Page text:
FacebookTwitterGoogle+RedditEmail

Look Them in the Eye

by KATHY KELLY

On Day 6 of a 30 day “Walk for Justice,” our team of fourteen walkers rested after covering 10 miles of a planned 320 mile walk across central Illinois.

While most of us sank into overstuffed chairs and couches to examine our blisters, Milan Rai, a UK activist and author, went on line to study the news. “Better look at this,” he said. “The LA Times reports that Iraqis in Ramadi are desperate to flee impending attacks and some are seeking shelter in Fallujah. They’ve been without water and electricity for days.

Panicked by fears of an imminent attack by U.S. troops massed around the city, many of the 400,000 residents of Ramadi have poured out of the city hoping to escape the mounting crisis. At checkpoints leading to Baghdad, hundreds of families were turned away. What do they face if they remain in Ramadi?

If the 2004 Battle of Fallujah is a precursor for an attack against Ramadi, the U.S. military may cordon off an escape route for women and children, but forbid the men and older boys to leave. It’s also possible that the U.S. military will launch an offensive attack even if civilians remain trapped and have nowhere to flee and no means of getting food, medicine and water into the city.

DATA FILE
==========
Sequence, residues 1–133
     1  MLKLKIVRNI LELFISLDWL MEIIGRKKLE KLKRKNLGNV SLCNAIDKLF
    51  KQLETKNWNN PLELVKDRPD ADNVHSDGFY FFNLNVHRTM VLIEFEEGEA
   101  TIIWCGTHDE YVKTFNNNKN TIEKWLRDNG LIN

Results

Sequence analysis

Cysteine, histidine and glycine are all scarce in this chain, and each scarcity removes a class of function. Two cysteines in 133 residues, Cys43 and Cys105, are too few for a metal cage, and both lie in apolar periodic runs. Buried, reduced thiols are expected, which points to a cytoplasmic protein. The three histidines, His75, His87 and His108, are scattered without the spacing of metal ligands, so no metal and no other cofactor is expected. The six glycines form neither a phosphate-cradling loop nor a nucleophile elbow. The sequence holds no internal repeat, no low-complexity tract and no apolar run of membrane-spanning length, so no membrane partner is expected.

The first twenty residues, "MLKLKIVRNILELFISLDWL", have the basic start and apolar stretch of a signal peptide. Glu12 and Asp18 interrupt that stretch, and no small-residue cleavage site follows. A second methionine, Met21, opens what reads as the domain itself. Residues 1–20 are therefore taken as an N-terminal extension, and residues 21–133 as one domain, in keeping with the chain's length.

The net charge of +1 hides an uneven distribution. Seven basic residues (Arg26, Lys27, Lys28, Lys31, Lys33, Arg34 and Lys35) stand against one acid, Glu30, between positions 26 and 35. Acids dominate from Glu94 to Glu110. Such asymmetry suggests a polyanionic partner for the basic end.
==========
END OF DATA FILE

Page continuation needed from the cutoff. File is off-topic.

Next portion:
The U.S. government claimed success because its forces hunted down and eliminated Abu Musab Zarqawi. Zarqawi must be killed, we were told, because he took hostages, brutalized them, and killed them. Now it appears that U.S. policy makers are holding a whole city hostage, brutalizing civilians and preparing to kill many of them. Assuredly, the frustration and rage felt by hundreds of thousands of people in Ramadi and beyond can create many more “Zarqawis.”

I visited Ramadi in the summer of 2002, shortly after having been with Palestinian refugees in the Jenin camp, on the West Bank, while the Israeli Defense Force (IDF) used conventional military weapons to attack a civilian population living in the camp during April, 2002.

I showed people in Ramadi several enlarged photos which our small team of peace activists had taken in the Jenin camp. One picture showed young boys helping their fathers and uncles unearth corpses for burial while the camp was still under siege. Another was of Palestinians walking over heaps of rubble covering the foundations of what had once been their three story apartment buildings. Still another showed IDF graffiti on the walls of ransacked homes. The people with whom we met, in Ramadi, were deeply concerned and troubled. Why didn’t any substantial political, human rights or relief groups come to the aid of the refugees living in Jenin? Now, even as President Bush assures that he has looked in the eyes of the Iraqi government and won’t let Iraqis down, it seems that world bodies may look the other way as President Bush and the Pentagon plan a military attack against the civilian population of Ramadi.